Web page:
WSU’s HARBOR program prepares for balloon launch

(Source: Michael Petersen) the MSA external enclosure houses all of the MSAv4 components. It insulates internal devices from external temperatures as low as -50 degrees Celsius. It also provides protection against atmospheric and ground water, as well as shock resistance during events like balloon burst, tumbling in 200 Km/hr winds, and touchdown.

(Source: Michael Petersen)
The MSA external enclosure houses all of the MSAv4 components. It insulates internal devices from external temperatures as low as -50 degrees Celsius. It also provides protection against atmospheric and ground water, as well as shock resistance during events like balloon burst, tumbling in 200 kph winds, and touchdown.

As spring solidifies its grasp on Utah, and seniors across the state prepare to launch their graduation caps jubilantly into the air, a small group of Weber State University students are making adjustments, finalizing calculations and preparing for a launch of their own.

On April 19, the High-Altitude Reconnaissance Balloon for Outreach and Research (HARBOR) program will launch its atmospheric weather balloon to gather data and record measurements from Earth’s atmosphere. The balloon, equipped with a multisensor array, is capable of measuring temperature, atmospheric air pressure, magnetic fields, ozone concentration and more at heights as high as 34 kilometers.

“The moment of launch is always a rush,” said John Sohl, a WSU physics professor and faculty adviser for the program. “Once it leaves the ground, there is no turning back, no second guessing; you are committed, and if it doesn’t work, then there is nothing you can do about it now. So you hold your breath, cross your fingers and let your equipment slip out of your reach on the way into the sky.”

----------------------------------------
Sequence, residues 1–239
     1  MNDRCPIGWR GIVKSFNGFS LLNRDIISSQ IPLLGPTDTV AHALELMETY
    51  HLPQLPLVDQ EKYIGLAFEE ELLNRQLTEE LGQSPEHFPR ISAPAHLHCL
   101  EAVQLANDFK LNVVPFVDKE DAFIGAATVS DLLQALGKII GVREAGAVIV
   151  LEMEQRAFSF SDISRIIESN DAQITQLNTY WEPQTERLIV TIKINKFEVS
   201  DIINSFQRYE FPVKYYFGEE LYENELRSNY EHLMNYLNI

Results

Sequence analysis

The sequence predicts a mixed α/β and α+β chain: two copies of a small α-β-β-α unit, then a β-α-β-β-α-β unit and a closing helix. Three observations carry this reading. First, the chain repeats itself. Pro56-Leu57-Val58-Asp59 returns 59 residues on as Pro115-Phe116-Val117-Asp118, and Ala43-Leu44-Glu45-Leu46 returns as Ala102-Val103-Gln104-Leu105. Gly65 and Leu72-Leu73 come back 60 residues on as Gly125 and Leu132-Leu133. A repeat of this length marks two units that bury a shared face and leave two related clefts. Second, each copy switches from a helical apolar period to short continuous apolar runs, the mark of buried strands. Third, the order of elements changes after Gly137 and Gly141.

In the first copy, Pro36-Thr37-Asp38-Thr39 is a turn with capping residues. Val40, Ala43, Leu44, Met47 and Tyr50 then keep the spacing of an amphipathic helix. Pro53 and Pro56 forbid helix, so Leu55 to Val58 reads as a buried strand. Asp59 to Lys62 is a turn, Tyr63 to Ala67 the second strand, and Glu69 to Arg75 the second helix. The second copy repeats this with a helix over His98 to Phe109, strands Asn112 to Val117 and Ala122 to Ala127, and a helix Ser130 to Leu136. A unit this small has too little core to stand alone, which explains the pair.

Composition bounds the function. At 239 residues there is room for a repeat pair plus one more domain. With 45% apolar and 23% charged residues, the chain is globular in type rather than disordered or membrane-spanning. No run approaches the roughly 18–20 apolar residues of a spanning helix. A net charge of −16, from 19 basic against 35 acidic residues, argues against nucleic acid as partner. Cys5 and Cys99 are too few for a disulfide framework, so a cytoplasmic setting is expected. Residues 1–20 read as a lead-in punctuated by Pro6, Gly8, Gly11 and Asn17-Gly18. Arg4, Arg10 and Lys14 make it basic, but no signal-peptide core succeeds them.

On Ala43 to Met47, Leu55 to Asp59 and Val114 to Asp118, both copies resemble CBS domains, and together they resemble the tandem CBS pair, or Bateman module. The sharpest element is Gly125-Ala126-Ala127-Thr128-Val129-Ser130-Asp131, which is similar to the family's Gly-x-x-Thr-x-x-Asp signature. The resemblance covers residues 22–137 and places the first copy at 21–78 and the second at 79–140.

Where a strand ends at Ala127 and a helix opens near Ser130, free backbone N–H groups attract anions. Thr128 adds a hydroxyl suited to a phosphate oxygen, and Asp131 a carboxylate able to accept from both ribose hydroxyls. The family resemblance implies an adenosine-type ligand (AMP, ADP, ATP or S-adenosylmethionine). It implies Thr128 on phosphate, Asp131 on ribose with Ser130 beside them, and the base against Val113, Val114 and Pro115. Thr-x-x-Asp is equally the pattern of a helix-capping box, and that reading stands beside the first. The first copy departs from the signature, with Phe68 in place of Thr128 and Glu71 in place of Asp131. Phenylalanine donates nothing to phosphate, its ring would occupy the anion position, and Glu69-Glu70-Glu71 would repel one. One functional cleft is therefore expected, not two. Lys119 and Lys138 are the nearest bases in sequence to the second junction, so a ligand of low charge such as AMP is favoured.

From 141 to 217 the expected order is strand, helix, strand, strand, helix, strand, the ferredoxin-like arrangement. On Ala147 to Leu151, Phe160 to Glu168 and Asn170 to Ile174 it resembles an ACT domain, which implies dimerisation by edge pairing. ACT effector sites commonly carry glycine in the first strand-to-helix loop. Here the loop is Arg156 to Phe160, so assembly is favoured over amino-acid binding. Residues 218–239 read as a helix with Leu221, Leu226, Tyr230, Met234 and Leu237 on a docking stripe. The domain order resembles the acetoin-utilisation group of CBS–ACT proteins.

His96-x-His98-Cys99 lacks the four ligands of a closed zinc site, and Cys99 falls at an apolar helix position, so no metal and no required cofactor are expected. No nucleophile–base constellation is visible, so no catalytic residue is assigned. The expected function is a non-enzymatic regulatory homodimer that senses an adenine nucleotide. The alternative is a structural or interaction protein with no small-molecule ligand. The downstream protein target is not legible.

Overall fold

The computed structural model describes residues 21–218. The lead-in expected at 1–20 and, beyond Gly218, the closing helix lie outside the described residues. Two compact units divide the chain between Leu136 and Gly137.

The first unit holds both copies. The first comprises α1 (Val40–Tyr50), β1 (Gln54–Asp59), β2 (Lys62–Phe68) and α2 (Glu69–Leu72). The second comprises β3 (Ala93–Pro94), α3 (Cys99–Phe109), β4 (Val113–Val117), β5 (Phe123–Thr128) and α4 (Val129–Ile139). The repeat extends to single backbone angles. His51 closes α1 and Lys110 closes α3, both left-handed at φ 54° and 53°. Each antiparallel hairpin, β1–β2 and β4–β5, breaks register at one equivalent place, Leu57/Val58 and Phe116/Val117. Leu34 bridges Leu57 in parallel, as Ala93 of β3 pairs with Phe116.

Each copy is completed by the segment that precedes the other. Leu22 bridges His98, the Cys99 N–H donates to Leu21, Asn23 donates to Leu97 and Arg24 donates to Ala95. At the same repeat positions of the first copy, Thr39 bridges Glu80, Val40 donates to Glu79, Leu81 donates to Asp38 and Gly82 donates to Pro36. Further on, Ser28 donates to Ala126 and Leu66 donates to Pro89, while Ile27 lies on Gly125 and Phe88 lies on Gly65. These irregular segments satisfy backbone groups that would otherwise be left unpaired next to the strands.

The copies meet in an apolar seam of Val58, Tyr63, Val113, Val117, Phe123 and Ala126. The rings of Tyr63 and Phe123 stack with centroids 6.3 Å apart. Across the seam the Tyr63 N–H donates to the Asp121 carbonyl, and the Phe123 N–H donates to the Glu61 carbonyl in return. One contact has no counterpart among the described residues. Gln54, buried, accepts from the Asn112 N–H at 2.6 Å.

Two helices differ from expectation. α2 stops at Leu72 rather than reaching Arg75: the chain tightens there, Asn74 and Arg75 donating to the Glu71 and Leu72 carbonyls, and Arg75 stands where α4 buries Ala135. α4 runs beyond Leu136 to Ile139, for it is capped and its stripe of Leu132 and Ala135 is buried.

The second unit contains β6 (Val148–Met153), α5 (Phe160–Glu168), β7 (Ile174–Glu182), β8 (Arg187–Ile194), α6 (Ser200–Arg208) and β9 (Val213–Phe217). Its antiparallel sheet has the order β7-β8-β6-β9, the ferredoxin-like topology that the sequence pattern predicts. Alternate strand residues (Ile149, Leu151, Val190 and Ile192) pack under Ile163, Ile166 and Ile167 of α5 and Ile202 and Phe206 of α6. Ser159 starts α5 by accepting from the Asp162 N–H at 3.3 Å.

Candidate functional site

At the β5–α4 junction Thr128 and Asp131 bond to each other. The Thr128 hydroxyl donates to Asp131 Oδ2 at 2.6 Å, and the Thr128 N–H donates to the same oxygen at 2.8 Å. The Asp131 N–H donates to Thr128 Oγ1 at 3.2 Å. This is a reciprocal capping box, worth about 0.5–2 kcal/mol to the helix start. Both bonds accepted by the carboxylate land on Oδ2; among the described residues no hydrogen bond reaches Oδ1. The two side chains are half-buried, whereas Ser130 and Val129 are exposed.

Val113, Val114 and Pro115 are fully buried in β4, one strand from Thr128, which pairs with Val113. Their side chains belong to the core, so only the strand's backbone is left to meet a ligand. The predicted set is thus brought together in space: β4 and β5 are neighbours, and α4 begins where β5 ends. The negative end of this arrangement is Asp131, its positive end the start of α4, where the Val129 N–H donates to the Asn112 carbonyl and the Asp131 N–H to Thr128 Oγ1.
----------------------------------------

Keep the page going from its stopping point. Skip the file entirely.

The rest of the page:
The launch will coincide with the Global Space Balloon Challenge, an international outreach and collaboration project, and will incorporate photos and data gathered from balloon teams across the world. Working with WSU students, as well as others from the University of Utah and surrounding high schools, HARBOR hopes to test new equipment designed over the winter and expose newcomers to the balloon flight.

“Many hours of work have been invested by numerous students and faculty,” Sohl said. “In the end, you don’t fully know what is going to happen, and you always want to spend just a little more time adjusting the code, improving the hardware, etc., but whatever the situation is, that is what is now on the way to the edge of space.”

The HARBOR project, which is modeled after NASA flights, recently received a Dee Family Technology grant for $6,000 to purchase an ozone calibration system that will be used to certify instruments before the upcoming flight.

“This is an important improvement for this year,” Sohl said. “Once we do this, our ozone data can be logged to the international ozone database. There are almost no data points for more than a decade about the ozone in situ (in place) for most of the United States.”

Michael Petersen, an electronics engineering major at WSU, has devoted over 1,000 hours to the project, and has been accepted for an internship with Northrop Grumman, a leading aerospace and defense technology company, as a result of his work.

“This has been an extremely rewarding and gratifying experience,” Petersen said. “I can say that it surpasses all of the labs I have ever taken, hands down. I cannot stress enough how amazing this experience has been.”

The launch is scheduled for approximately 9:30 a.m., weather permitting, at Duchesne Municipal Airport.

“When I first heard of the balloon launch, I was a little skeptical because I didn’t know how serious the students were about their work,” said Aaron Bott, a WSU English major. “But now that I’ve learned more about it, it sounds pretty legit, and I’m thinking it’s going to be awesome.”

Those interested in the flight can monitor its progress live at Planet.weber.edu/harbor/FlightStatus.htm.

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Posted by on April 15, 2014. Filed under Science, Science & Tech, Technology. You can follow any responses to this entry through the RSS 2.0. You can leave a response or trackback to this entry

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